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Still Fettered After All These Years

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  • Barry Eichengreen

Abstract

The last decade has seen an outpouring of scholarship on the economics of the Great Depression. If there is anything approaching a consensus, it is a synthetic view which admits a role both for monetary policy mistakes and for the international monetary and financial system in transmitting those destabilizing impulses to the rest of the world. It explains the speed and extent of the subsequent decline in terms of both banking crises and the collapse of the gold standard, which conspired in placing deflationary pressure to different degrees on different countries. And, it explains the eventual recovery in terms of the abandonment of the gold standard, which facilitated the pursuit of stabilizing monetary policies, but also in terms of the restoration of stability to banking and financial systems, something that occurred at different times in different countries. One way of understanding the veneer of disputation on this consensus is that different elements dominated in different countries. For the United States, there is no denying the role of monetary policy mistakes in the onset of the Depression, whereas for other countries international monetary instability played the most important part.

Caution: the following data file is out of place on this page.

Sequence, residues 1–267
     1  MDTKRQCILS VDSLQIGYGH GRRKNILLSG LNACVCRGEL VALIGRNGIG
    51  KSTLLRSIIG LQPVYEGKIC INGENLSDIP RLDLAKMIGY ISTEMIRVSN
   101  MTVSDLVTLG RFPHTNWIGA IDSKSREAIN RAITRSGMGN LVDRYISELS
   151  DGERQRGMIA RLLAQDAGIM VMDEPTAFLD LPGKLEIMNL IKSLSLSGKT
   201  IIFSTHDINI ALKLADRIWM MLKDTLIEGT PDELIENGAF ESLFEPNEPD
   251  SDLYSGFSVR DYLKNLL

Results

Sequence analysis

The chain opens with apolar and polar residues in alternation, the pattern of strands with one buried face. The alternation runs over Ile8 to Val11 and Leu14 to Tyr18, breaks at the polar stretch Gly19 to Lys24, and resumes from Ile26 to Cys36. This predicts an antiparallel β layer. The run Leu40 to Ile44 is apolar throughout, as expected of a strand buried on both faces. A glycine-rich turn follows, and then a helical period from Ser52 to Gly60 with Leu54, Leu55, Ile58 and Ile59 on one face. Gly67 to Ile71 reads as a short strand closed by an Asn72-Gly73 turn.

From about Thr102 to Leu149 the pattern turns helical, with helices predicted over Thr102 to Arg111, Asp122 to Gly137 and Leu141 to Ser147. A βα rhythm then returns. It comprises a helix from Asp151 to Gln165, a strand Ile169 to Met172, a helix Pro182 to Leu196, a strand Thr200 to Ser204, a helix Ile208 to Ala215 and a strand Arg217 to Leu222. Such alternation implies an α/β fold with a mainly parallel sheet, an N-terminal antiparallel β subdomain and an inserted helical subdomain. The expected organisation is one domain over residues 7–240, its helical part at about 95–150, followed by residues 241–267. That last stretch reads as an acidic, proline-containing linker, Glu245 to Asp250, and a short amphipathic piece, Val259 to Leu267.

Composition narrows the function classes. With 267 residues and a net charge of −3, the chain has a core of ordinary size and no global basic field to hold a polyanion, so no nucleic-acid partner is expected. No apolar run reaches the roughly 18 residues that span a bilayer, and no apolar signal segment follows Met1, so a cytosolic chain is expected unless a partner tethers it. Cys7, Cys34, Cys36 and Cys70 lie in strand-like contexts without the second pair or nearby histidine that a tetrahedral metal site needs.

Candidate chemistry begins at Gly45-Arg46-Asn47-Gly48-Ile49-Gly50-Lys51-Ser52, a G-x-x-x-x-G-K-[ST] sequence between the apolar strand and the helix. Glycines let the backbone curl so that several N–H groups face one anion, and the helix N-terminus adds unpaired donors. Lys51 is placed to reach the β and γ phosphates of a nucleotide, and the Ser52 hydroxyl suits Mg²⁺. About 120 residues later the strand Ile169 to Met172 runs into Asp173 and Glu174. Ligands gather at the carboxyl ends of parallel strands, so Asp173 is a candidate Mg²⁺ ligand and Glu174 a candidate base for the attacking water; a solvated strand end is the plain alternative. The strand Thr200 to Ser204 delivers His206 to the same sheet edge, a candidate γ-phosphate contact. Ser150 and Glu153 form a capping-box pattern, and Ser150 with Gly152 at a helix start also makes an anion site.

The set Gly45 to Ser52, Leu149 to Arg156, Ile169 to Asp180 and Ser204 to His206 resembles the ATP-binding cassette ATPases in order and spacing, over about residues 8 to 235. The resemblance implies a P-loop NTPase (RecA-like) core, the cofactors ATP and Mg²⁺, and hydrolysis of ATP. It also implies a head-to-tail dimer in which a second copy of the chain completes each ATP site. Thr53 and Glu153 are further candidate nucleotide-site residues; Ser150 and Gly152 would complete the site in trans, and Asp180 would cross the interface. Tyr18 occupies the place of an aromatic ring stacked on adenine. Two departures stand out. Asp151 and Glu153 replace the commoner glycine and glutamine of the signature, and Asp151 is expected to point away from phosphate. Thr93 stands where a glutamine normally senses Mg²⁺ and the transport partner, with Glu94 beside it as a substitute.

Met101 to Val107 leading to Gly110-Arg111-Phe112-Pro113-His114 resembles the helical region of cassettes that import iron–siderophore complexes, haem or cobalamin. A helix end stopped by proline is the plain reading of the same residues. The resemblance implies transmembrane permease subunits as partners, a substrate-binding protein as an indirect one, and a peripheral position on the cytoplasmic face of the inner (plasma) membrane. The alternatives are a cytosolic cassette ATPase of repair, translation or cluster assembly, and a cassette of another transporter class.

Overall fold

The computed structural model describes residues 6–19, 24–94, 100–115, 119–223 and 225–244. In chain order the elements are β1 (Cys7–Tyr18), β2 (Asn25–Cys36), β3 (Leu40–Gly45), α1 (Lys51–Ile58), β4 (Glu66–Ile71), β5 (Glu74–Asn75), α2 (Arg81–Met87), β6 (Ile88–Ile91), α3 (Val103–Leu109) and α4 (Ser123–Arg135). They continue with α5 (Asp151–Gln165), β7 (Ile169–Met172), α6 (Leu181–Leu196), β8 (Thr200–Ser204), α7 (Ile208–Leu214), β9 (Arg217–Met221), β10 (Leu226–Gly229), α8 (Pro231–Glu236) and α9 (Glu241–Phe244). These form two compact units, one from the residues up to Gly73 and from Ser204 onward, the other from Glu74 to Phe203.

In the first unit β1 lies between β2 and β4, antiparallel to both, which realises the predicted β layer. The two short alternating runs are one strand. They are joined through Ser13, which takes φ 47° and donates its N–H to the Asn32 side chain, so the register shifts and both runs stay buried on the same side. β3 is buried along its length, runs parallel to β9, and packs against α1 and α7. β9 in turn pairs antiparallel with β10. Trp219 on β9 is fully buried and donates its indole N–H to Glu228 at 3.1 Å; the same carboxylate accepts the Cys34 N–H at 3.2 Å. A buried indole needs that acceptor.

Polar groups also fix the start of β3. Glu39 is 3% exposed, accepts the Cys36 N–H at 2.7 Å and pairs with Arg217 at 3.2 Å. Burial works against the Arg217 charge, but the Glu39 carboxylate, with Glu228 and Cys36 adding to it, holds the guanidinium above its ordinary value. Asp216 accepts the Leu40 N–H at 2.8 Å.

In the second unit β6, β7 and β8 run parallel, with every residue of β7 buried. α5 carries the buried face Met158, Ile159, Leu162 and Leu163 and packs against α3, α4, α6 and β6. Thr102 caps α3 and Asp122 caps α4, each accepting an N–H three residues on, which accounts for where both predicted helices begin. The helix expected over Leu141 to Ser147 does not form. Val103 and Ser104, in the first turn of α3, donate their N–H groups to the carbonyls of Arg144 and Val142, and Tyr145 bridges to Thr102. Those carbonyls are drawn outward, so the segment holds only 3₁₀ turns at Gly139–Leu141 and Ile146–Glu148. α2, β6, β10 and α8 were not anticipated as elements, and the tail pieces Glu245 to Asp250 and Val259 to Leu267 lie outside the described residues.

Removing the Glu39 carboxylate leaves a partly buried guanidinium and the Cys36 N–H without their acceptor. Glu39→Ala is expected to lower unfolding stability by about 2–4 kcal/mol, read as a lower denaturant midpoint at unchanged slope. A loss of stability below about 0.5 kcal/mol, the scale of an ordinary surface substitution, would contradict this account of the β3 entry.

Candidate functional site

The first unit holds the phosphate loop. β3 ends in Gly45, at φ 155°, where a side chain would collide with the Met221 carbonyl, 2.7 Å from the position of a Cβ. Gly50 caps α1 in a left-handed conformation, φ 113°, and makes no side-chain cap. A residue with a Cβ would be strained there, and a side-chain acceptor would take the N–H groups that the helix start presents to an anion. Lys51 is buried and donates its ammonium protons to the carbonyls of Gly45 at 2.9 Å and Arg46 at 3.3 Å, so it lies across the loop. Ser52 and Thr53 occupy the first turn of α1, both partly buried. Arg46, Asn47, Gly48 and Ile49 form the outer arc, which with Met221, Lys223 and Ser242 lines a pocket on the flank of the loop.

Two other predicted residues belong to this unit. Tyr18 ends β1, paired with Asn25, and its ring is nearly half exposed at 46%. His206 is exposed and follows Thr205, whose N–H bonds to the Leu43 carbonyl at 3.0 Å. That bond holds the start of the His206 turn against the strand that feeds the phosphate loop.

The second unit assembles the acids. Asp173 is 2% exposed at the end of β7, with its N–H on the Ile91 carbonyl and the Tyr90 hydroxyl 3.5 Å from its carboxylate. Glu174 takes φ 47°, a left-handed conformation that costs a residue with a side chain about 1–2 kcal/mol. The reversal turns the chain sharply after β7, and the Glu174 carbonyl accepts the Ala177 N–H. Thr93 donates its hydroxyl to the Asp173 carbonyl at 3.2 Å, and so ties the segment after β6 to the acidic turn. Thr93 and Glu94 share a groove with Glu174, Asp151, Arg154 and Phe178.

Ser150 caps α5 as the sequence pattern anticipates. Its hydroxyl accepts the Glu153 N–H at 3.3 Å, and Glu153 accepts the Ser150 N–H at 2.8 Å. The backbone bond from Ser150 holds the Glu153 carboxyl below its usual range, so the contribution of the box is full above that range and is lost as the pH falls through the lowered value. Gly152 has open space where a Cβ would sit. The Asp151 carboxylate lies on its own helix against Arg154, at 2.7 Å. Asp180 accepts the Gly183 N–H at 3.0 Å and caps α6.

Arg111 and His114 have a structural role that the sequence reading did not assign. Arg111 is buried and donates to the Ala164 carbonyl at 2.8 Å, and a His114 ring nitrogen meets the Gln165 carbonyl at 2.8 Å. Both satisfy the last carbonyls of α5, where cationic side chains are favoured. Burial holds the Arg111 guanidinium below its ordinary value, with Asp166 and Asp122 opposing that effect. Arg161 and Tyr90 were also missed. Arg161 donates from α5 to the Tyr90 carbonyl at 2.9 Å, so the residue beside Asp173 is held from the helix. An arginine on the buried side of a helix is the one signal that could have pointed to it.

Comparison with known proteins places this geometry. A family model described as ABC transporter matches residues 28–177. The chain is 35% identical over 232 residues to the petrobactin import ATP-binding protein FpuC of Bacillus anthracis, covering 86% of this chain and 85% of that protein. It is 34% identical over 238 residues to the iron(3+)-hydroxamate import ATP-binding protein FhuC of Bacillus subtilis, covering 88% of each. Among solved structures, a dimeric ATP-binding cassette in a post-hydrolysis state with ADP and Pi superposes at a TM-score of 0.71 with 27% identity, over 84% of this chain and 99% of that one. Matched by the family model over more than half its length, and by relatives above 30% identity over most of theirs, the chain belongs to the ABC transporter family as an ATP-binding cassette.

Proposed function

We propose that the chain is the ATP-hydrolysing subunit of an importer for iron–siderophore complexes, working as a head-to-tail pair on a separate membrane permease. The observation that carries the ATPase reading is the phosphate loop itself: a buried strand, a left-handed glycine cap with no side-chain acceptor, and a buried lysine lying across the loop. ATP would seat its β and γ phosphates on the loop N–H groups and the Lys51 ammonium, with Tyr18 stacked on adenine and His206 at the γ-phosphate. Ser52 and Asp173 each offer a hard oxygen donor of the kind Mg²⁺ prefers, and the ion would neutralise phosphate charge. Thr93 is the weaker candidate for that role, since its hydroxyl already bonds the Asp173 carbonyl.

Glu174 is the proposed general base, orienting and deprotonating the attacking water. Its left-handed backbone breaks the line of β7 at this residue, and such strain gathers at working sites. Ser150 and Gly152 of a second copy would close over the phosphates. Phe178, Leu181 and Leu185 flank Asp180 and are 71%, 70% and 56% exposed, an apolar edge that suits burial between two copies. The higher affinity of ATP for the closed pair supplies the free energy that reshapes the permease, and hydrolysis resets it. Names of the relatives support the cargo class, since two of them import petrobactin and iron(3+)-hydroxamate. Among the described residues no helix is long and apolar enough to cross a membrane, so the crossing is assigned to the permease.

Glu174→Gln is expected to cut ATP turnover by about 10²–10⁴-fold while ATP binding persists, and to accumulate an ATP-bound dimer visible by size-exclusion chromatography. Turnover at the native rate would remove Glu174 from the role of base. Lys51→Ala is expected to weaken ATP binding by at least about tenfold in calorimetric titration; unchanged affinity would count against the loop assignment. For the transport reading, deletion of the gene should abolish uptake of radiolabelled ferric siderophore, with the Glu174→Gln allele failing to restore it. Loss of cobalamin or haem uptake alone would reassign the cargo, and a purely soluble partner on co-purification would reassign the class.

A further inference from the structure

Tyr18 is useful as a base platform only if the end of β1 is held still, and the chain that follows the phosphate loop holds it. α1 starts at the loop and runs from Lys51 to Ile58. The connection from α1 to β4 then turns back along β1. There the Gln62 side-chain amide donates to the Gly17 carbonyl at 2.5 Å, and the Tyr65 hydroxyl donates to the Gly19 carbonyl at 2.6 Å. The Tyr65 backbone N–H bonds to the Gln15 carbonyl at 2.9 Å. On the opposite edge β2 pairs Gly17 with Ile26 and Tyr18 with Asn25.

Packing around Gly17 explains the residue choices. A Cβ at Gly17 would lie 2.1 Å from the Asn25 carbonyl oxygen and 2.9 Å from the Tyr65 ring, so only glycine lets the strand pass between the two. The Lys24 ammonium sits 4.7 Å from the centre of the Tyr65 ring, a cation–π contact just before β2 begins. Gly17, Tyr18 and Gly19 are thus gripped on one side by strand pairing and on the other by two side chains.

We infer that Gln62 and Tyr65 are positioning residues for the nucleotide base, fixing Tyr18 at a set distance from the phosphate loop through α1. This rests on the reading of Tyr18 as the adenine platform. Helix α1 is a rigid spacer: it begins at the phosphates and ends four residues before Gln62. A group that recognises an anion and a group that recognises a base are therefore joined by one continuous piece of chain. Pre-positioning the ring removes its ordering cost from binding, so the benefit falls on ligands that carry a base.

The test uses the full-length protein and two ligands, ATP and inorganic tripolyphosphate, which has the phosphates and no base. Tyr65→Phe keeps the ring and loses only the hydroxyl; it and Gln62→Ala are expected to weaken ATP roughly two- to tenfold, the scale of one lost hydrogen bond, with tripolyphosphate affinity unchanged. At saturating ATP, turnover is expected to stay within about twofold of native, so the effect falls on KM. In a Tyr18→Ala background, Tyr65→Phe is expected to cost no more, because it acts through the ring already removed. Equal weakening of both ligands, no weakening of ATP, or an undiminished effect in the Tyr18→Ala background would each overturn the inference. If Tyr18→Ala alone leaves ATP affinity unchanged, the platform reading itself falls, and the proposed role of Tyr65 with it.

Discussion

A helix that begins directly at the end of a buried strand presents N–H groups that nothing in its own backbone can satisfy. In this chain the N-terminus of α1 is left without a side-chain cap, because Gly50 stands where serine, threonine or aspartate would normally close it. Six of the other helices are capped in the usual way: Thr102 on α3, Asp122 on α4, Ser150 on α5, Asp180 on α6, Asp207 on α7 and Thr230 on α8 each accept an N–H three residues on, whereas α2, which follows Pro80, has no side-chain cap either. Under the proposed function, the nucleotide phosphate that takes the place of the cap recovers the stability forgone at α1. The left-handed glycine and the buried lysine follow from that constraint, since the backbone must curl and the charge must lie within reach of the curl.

Suggested Citation

  • Barry Eichengreen, 2002. "Still Fettered After All These Years," NBER Working Papers 9276, National Bureau of Economic Research, Inc.
  • Handle: RePEc:nbr:nberwo:9276
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    1. Per Hortlund, 2006. "In Defense of the Real Bills Doctrine," Econ Journal Watch, Econ Journal Watch, vol. 3(1), pages 73-87, January.
    2. Hugh Rockoff, 2003. "Deflation, Silent Runs, and Bank Holidays, in the Great Contraction," NBER Working Papers 9522, National Bureau of Economic Research, Inc.
    3. Karau, Sören, 2020. "Buried in the vaults of central banks: Monetary gold hoarding and the slide into the Great Depression," Discussion Papers 63/2020, Deutsche Bundesbank.
    4. Karras, Georgios & Lee, Jin Man & Stokes, Houston, 2006. "Why are postwar cycles smoother? Impulses or propagation?," Journal of Economics and Business, Elsevier, vol. 58(5-6), pages 392-406.

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